Schwarzenbach lecture focuses on Jesuit History in Rome
12 May 2016
The 1st of May saw the second in a series of lectures at the Venerable English College in Rome, hosted by Maurice Whitehead. Its to celebrate aspects of the history of the VEC and of the English and Welsh Catholic community, as well as to salute the munificence of Urs and Francesca Schwarzenbach as major donors to the VEC.
The archives at the VEC date back to the foundation of the English Hospice in Rome in 1362 and constitute the oldest British archive outside the United Kingdom. In 1579, the English Hospice (for pilgrims from England and Wales) was converted into a seminary on the same site – and it has continued to have that function down to the present day. Currently, there are some 40 students from England (and one from Denmark) in residence and studying for the priesthood.
The 2016 Lecture, the second in the series, was a sequel to the first and was entitled “‘Established and putt in good order’: the Venerable English College, Rome, under Jesuit administration, 1579–1773”. The quotation within the title is taken from the writings of Fr Robert Persons, SJ (1546–1610), twice rector of the VEC (1588–89 and 1598–1610), who died in office at the VEC, where he is buried. Fr Persons was the founder of the English College, Valladolid (1589), the English College, Seville (1592), the English Hospice at Sanlúcar de Barrameda (1592), near Cádiz, and St Omers College (1593), in the Spanish Netherlands, which survives today as Stonyhurst College. The Lecture provided an overview of what happened to the VEC during the 194 years of Jesuit administration of the College and concluded that Robert Persons's view that it had been "established and putt in good order" at an early date was an accurate assessment of the whole period under review.
This year’s guests included a number from the Vatican Curia -- Cardinal George Pell, Prefect of the Secretariat for the Economy, Cardinal James Michael Harvey, Archpriest of St Paul’s Basilica, Archbishop Paul Richard Gallagher, Secretary for Relations with States, and Archbishop Arthur Roche, Secretary of the Congregation for Divine Worship and the Discipline of the Sacraments.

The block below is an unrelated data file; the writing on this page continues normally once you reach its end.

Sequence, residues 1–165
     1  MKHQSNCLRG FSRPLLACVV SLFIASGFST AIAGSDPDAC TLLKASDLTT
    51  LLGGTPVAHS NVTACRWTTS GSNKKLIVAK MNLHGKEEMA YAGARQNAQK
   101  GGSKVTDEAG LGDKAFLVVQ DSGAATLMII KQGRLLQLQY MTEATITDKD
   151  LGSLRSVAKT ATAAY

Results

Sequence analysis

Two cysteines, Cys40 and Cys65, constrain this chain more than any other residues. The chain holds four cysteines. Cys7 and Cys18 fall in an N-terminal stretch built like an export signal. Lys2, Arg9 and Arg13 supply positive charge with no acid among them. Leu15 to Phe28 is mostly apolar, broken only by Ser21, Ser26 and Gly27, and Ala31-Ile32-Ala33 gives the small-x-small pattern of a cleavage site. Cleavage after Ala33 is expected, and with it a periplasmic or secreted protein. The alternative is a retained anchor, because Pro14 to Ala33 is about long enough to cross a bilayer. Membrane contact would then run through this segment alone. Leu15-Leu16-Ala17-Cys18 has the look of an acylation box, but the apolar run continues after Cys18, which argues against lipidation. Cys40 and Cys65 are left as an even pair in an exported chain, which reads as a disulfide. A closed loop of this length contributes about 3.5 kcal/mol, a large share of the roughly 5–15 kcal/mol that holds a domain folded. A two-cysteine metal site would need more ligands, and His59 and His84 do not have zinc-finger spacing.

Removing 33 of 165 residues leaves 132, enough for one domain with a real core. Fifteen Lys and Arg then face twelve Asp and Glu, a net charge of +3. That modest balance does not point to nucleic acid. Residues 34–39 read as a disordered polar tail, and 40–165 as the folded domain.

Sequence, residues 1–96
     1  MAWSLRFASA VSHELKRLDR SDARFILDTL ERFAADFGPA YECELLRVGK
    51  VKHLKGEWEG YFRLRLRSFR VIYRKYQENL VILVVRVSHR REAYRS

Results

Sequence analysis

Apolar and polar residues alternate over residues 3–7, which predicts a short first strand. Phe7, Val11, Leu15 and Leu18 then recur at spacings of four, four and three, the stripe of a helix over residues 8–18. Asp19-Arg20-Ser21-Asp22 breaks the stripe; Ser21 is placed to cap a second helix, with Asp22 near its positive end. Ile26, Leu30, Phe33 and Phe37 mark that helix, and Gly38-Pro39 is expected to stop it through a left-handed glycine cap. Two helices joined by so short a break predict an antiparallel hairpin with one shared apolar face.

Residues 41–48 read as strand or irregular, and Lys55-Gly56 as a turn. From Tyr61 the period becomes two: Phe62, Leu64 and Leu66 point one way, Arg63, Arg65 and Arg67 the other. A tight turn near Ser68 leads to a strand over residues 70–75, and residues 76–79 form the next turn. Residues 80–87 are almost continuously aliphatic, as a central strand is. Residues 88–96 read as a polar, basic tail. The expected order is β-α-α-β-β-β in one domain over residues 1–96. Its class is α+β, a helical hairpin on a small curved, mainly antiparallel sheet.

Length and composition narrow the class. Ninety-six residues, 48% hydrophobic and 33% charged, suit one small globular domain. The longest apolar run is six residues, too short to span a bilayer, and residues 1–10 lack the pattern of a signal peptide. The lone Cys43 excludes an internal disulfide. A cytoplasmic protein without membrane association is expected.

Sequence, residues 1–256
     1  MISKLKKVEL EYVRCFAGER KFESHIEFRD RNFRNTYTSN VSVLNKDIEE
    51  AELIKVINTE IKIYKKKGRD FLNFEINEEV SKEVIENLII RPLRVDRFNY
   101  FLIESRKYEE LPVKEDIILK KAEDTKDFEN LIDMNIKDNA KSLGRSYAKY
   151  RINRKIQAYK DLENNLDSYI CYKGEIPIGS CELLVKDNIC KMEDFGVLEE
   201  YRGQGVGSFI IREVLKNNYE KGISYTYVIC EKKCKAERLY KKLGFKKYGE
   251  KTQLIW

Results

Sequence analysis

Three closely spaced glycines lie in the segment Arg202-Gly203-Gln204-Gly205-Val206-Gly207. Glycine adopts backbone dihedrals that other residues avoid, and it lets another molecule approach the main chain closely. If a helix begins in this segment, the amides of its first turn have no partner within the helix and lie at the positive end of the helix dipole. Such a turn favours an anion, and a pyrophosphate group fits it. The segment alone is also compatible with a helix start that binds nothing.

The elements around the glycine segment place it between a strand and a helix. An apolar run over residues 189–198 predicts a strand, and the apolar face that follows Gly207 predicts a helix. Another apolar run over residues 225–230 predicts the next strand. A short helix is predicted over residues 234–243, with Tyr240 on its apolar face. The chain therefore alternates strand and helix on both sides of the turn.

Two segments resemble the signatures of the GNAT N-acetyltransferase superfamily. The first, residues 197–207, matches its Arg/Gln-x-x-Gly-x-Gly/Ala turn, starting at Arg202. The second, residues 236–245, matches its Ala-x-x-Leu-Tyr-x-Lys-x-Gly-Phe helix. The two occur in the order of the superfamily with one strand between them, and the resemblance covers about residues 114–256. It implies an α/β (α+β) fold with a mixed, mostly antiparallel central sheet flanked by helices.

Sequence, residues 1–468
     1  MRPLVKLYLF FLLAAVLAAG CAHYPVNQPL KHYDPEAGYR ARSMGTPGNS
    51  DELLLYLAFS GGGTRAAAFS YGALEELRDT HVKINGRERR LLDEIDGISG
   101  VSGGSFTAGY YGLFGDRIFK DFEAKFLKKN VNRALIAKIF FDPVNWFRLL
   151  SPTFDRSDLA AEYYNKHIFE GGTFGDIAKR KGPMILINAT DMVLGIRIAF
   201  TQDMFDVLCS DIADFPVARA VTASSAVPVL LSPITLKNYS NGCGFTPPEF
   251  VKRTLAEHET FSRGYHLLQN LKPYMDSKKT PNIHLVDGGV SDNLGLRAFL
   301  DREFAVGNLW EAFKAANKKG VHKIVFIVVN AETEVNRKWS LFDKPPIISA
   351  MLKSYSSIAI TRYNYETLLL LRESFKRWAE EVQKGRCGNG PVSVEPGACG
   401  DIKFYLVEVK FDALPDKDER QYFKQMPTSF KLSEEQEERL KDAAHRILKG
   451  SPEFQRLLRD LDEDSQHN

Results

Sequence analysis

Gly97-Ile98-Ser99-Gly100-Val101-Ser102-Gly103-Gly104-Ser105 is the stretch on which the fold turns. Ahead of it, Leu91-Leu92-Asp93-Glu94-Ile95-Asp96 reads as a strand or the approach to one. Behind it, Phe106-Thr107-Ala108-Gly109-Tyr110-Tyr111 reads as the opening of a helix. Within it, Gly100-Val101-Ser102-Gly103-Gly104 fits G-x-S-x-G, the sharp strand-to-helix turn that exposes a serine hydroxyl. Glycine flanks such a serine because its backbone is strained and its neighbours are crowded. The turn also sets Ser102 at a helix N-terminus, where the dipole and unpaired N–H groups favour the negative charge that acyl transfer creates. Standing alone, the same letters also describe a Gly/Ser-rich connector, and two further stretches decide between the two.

Other guests included Archbishop Sir David Moxon, the Archbishop of Canterbury’s Representative to the Holy See and Director of the Anglican Centre in Rome, and a number of Jesuit guests – Fr Terence Howard (Irish Province), Fr Gerard Whelan (Gregorian University) and Brother Ken Vance.
A highlight of the evening was the display of the gown and slippers of Fr Lorenzo Ricci (1703–1775), the 18th Superior General of the Society of Jesus (1758–1773), who was arrested in Rome at the moment of the Suppression of the Society in August 1773 and immediately taken as a prisoner to the Venerable English College, where he was held captive for over a month: from there, he was transferred to a cell in the Castel Sant’Angelo where he died two years later. Fr Ricci was divested of his Jesuit gown and slippers at the time of his arrest – and these were salvaged by the Rome-based English Jesuit, Fr John Thorpe (1726–1792). On his death, he bequeathed the garment and slippers to Henry Arundell (1740–1808), 8th Baron Arundell of Wardour, whose family in 1854 donated the items to Stonyhurst College, where they are preserved today. Thanks to the help of Jan Graffius, curator of Special Collections at Stonyhurst, it was possible to display the items in Rome for the first time since 1773.